This division within the ideological right is strongly consistent with H4. Italians whose trusted co-partisan elites were most critical of government policies to incentivize or mandate vaccination and who emphasized individual liberty over collective responsibility in their rhetoric were significantly more likely to be unvaccinated than either supporters of left-leaning parties or supporters of right-leaning parties whose leaders publicly and consistently supported vaccination. Additional analyses examining the associations between faith in the leaders of the major parties and the likelihood of being unvaccinated yield complementary results (see Supplementary Information).
Finally, vaccine refusal was highest among those who did not back a major political party with 17.7% not having received a single dose. This is significantly higher than the percentage unvaccinated among supporters of parties whose elites publicly supported vaccination policies (17.7% vs. 2.4%; difference in means is statistically significant, p < 0.001, two-tailed test). It is also higher than the percentage unvaccinated among supporters of the two parties (Lega and FDI) whose leaders openly expressed skepticism of government mandates and criticized such policies as a threat to individual liberty (12.4%); however, the difference in means is not statistically significant (17.7% vs. 12.4%, p = 0.12, two-tailed test).
Vaccination status and international commitments
Social contract theories of vaccination emphasize the moral obligation at the heart of the contract for all in society to comply for the public good. If weak commitment to collective moral obligations underlies or enables the unwillingness of many to refuse vaccination, then the unvaccinated should also exhibit less commitment to collective moral obligations in other settings.
To test H5, we examine the associations between being unvaccinated and a series of questions about opinion toward one of the most pressing international issues at the time our survey was in the field: the Russian invasion of Ukraine. For many Europeans, the crisis itself invoked norms of collective obligations under the responsibility to protect doctrine, an argument echoed publicly by Ukrainian President Volodymyr Zelensky in the early days of the invasion47. Moreover, the very real concern that the war would spillover across borders into a NATO country directly involved questions of whether citizens would be willing to honor collective commitments and defend an ally.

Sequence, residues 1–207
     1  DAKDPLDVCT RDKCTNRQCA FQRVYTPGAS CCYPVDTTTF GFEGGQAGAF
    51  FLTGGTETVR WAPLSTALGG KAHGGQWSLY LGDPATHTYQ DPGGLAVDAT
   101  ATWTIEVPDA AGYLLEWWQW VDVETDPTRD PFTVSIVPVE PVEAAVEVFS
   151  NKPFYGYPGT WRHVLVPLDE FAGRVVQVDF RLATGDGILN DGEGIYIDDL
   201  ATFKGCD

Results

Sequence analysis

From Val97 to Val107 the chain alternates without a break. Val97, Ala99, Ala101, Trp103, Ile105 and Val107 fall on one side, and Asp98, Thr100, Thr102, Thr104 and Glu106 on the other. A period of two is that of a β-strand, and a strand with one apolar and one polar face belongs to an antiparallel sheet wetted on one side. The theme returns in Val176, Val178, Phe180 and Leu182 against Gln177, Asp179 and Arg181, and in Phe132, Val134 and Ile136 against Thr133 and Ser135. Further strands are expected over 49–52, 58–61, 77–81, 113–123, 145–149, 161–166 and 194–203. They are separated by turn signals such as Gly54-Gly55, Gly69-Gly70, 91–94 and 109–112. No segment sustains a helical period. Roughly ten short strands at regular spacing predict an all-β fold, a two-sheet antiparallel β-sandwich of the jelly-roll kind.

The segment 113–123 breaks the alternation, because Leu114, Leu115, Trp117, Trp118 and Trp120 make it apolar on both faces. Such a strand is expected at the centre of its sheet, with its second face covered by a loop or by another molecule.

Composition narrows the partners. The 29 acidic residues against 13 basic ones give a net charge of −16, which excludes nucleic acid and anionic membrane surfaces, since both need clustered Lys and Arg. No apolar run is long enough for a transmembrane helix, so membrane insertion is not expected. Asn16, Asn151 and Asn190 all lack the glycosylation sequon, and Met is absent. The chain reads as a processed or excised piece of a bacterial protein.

Specifically, we estimate three logistic regressions in which the independent variable of interest is an indicator variable identifying unvaccinated respondents. All models include partisan attachment indicators and demographic controls. The first model assesses support for the Italian government’s efforts to send both humanitarian and military aid to Ukraine in the aftermath of the Russian invasion. The second assesses concern that the war in Ukraine could trigger a larger nuclear confrontation. The third assesses willingness to send Italian troops to defend a NATO ally should it be attacked by Russia.
Figure 4 presents the difference in predicted probability of answering each question in the affirmative between the median unvaccinated respondent and the median respondent who had received at least one dose of a COVID-19 vaccine, holding all other variables constant. On each question, we observe statistically significant differences in opinions between the vaccinated and the unvaccinated. However, the largest differences are on the first and third questions, which directly involve an imperative to help others and honor collective commitments.
In the first model, unvaccinated respondents were 43% less likely to support government aid to Ukraine than were vaccinated respondents. Unvaccinated respondents were 13% less likely to say they feared the conflict would spill-over into a nuclear war than were vaccinated Italians, all else equal. Finally, unvaccinated respondents were 24% less likely to support sending Italian troops to defend a NATO ally if attacked by Russia. All of these differences in opinions between vaccinated and unvaccinated respondents were observed after controlling for partisan preferences and other demographic factors.